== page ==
We’re back with another instalment of “Show us Your Bench”. THANK YOU to everyone who has been sending in pictures and descriptions, the response has been great! We are working to get everyone posted. To submit your bench email Kevin@hatchesmagazine.com.
First up is John Marra from South Carolina
“I am a faithful reader and charter subscriber and saw the recent post about fly tying benches and areas. Attached are some pictures of the desk I have outfitted for my tying. It is a circa-1860 desk that originally belonged to my great-great-grandfather who was a physician in Richmond, VA. It was passed down to me last year and I have outfitted for tying. The ‘cubby holes’ in the desk area have been outfitted by custom-built chenille and spool holders that hold almost all of my inventory. The fold down desk base gives me a nice open tying area and the top folds up to hide ‘the mess’ keeping piece on the home front. There are 4 drawers that swallow up the feathers, furs, and other assorted goodies that we all seem to have. My next project is the develop a system to hold my iPad at a convenient angle for tying videos, etc.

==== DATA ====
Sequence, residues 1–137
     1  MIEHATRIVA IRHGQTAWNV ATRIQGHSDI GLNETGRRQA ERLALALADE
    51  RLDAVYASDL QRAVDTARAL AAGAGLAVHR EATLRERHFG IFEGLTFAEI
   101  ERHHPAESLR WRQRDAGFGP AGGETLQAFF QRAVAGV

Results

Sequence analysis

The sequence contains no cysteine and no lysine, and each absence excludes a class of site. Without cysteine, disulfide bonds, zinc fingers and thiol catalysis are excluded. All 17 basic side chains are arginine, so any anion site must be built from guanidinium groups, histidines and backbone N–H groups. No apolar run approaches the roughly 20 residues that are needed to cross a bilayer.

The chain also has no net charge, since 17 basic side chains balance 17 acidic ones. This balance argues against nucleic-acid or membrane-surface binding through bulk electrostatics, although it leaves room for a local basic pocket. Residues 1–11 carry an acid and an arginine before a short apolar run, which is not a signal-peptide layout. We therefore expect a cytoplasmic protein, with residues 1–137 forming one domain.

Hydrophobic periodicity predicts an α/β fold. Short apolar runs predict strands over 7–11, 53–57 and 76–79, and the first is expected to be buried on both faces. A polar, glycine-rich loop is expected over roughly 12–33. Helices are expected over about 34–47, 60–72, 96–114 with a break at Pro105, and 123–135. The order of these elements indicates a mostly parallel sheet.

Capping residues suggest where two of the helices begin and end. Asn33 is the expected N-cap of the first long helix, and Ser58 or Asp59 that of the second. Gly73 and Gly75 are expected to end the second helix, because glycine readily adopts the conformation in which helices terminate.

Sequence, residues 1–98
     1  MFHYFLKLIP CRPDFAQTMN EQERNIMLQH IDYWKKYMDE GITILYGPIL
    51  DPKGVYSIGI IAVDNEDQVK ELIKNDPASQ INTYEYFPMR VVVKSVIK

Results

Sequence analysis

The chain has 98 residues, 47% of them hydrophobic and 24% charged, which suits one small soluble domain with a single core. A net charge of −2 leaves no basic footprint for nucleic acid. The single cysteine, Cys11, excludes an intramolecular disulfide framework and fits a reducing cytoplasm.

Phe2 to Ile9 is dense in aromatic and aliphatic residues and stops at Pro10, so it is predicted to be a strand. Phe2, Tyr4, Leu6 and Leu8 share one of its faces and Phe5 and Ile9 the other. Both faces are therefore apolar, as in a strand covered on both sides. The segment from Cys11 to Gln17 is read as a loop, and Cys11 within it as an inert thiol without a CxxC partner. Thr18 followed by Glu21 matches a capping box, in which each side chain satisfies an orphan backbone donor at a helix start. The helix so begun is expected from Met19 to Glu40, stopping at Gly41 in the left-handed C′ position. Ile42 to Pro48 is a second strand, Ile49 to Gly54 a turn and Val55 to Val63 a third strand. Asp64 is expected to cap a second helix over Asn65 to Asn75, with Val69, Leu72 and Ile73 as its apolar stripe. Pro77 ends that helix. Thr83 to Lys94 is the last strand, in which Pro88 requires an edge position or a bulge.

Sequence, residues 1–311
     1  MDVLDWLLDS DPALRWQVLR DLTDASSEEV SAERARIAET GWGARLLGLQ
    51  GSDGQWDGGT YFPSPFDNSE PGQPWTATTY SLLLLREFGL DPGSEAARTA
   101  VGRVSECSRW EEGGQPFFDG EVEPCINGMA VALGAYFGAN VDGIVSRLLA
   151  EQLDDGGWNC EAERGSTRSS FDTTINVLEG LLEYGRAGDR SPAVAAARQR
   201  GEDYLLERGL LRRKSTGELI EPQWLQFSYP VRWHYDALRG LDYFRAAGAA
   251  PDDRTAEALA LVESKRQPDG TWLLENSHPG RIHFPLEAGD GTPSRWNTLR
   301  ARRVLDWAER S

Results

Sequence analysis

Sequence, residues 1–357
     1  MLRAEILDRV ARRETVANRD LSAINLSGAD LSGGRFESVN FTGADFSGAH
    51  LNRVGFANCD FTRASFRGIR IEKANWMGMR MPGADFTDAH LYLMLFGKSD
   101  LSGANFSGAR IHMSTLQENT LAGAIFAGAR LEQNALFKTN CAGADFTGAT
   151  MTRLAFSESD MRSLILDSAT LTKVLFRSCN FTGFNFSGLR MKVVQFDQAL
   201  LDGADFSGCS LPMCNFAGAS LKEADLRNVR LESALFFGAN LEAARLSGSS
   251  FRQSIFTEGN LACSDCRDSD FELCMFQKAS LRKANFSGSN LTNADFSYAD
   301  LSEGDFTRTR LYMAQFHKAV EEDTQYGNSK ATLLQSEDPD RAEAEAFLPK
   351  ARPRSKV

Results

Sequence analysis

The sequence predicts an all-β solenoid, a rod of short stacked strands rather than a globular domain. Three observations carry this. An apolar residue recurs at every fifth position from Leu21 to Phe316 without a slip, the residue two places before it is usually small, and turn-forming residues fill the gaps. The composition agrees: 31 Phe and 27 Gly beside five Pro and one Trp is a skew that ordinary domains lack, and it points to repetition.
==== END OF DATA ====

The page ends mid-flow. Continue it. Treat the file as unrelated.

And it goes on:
Here is Jim Heimer from Houston TX
“Well, no one is going to run out and try to reproduce my fly tying area as the one they have already dreamed about, but I have set mine up in a bookcase in my home office. On the fold down shelf you can see my fly tying “table” made out of an old TV turntable with feet added and holes drilled for dowels to hold thread and a place to put my head cement (which I notice has tipped over – with the cap on – and is lying next to my Danvise). In the cubbyhole are plastic food storage containers holding hooks, dubbing, chenille, thread, and misc tools. When I am not tying, all of this fits into the cubbyhole, and I can close it up. Below the fold down shelf is a drawer for tying materials, and below that is a cupboard with a plastic storage container (on the left) and a knapsack, and on the bookshelf above are my fly tying reference books. All of my gear, including my “table” can be packed into the storage container, and all of my tying materials go into the knapsack. I can then conveniently transport my entire setup to my local flyshop and fly fishing club (Texas FlyFishers of Houston, http://www.texasflyfishers.org/) for fly tying courses.
Since I have just started tying and have only limited space, this set-up suits me fine. It is also adjacent to my computer, so that I can call up fly tying videos and tie along with the experts on YouTube.”